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Energy Intensive Industries Package Release

Energy Intensive Industries Package Release


Introduction

New Zealand Chambers of Commerce and Industry is an umbrella organisation serving the interests of 30 Chambers of Commerce nationwide. These, in turn, represent over 20,000 businesses – most of the small to medium enterprises that are the backbone of business in New Zealand.

The Chambers exist to promote, support, and encourage sustainable, profitable businesses. Business is the key wealth creator in our economy. Sustainable, profitable businesses provide economic growth and ensure that additional resources are available to support our communities and create jobs for New Zealanders.

For businesses to achieve this, they themselves require an environment that is supportive, and a culture that encourages, rewards, and celebrates success in all its forms.

Commentary

In principal, the Chambers support today’s release announced by Minister Hodgson, in particular, the sentiment which seeks to reduce financial burden that is likely to impact businesses with the impending introduction of the carbon tax in 2007. Given that New Zealand is committed to the implementation of our Kyoto targets, it is encouraging to see that the Government is aware of the financial impact that these commitments will have on the SME sector, and that it is prepared to help them through this period. However, the Chambers do have some concern over the selective nature of the grants scheme which applies only to targeted sectors and companies, and await to see how other businesses and sectors excluded from this initial package fare in the post carbon tax environment.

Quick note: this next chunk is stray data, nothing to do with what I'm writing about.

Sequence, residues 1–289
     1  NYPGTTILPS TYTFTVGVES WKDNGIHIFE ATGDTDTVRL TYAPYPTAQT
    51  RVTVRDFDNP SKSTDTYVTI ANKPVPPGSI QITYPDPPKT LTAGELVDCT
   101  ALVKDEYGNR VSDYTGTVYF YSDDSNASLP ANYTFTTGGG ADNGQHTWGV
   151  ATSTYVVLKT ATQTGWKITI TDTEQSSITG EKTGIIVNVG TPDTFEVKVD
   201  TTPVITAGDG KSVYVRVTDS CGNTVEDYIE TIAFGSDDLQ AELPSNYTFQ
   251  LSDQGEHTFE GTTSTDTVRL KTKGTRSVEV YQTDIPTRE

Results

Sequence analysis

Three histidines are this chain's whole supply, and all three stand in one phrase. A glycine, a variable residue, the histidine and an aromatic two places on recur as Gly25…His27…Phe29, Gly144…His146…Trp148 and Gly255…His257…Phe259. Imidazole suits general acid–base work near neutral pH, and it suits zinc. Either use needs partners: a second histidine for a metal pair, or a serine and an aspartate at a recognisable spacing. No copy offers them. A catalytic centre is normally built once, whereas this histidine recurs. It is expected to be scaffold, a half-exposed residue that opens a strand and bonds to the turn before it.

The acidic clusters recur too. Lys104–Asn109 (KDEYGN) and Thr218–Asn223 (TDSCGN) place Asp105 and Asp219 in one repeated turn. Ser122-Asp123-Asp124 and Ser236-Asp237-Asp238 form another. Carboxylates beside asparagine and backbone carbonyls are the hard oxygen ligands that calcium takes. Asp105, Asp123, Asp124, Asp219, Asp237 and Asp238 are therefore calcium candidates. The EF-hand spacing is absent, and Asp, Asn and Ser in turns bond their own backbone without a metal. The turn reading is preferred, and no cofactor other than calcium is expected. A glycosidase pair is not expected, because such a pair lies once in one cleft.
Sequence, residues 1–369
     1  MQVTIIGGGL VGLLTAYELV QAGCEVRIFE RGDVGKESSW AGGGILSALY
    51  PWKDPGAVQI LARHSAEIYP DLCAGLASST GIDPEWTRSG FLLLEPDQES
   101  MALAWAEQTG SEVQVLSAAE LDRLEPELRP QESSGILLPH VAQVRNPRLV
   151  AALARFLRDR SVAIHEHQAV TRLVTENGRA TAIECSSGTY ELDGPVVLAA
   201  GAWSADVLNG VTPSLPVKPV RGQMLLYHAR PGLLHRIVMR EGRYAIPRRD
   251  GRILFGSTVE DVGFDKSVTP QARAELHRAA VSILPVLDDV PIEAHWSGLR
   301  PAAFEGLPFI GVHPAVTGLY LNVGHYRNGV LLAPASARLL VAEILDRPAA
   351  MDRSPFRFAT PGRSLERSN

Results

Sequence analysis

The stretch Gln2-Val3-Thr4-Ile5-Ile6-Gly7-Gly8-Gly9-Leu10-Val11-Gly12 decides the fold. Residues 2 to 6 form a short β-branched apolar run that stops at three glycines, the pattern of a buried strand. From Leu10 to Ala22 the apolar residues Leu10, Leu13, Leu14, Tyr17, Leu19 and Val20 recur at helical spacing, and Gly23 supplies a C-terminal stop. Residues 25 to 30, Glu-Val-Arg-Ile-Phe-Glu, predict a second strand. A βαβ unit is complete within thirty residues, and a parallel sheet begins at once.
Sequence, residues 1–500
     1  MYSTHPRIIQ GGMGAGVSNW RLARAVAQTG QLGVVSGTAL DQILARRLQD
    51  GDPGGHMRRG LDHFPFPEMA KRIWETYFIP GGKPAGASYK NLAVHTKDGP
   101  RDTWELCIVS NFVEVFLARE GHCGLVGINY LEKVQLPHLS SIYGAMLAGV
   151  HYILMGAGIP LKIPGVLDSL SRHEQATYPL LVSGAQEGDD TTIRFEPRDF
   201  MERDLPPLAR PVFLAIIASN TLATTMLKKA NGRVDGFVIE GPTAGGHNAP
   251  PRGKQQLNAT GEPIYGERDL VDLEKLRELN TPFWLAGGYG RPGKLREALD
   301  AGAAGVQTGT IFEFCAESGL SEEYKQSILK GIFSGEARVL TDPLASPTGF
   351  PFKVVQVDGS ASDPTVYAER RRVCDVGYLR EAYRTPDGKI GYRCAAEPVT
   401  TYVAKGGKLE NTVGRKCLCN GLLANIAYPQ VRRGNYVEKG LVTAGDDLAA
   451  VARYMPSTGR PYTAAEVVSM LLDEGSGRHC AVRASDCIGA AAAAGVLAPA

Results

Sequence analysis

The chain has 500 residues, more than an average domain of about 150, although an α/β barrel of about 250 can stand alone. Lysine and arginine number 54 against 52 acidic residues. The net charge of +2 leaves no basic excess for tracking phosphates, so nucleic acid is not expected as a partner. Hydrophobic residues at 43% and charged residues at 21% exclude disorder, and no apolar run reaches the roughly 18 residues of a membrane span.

Despite this welcome move from the Government, the Chambers wish to stress that it is imperative that alternatives or successor agreements to the Kyoto Protocol framework currently being implemented in New Zealand, continue to be explored now and into the future.

While it is increasingly accepted that action must be taken to address the level of CO2 emissions globally, this must be undertaken in a constructive manner with the support and backing of the private sector so as to deconstruct the “environment vs economy” model that has been legislated into the New Zealand business landscape through New Zealand’s Kyoto Protocol commitments.

The Chambers of Commerce would like to see the New Zealand Government working alongside other Governments, Australia in particular, as well as international NGOs to develop more economically efficient mechanisms for addressing climate change and to reduce emission levels.

Wellington Regional Chamber of Commerce CEO Charles Finny commented that any future agreements New Zealand enters into need to take account the interests of New Zealand Businesses more fully. “Whether it is a Kyoto II post 2012 or some other arrangement that is negotiated internationally, the New Zealand Government needs to work alongside the business community to develop a mechanism which is both environmentally effective and economically sustainable.

“While the Kyoto Protocol is commendable in its ambition, it is perhaps not the best solution for New Zealand, given our rather unique economic landscape. With the imposition of the Carbon Tax, we will be seeing some real issues regarding competition and leakage. In particular we wish to ensure that New Zealand businesses do not have to struggle to compete with similar economies that are not being constrained in a similar way by emissions taxes.

“It is essential that Government and business work together to find environmental solutions that continue to enable our economy to grow and increase our standard of living. Businesses will not buy into Government initiatives that are viewed at the SME or big business level as another compliance cost, however well intentioned the legislation may be.

“The Chambers of Commerce are committed to working with the Government, businesses and environmental organisations to work towards environmental solutions that can embrace the development of new technologies and innovative approaches to the Climate Change challenges. However, we will be making sure that this is done in such a manner so that our members are not disadvantaged or constrained in their growth. The Government needs to be aware that for the end goal of reduced emissions to be reached, business needs to be engaged in the process. Let’s work towards a system that ensures rewards for innovation and emissions reduction rather than one that hampers businesses in their pursuit of growth.


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